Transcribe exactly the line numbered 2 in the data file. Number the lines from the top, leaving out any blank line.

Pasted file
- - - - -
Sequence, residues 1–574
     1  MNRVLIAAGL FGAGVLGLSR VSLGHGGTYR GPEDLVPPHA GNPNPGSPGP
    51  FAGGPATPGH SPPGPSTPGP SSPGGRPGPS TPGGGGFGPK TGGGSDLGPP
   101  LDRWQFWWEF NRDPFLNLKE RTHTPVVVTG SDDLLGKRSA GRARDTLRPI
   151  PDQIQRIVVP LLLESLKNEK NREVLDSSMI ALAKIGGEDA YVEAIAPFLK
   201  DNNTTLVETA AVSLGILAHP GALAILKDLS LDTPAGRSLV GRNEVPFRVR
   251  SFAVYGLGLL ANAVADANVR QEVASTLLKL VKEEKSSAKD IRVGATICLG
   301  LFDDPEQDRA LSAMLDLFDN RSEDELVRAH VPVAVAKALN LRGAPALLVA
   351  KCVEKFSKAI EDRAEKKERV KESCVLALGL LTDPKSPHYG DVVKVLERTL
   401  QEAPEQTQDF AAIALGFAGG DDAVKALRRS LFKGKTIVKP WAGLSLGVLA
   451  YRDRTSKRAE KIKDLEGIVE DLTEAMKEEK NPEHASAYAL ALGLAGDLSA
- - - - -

     1  MNRVLIAAGL FGAGVLGLSR VSLGHGGTYR GPEDLVPPHA GNPNPGSPGP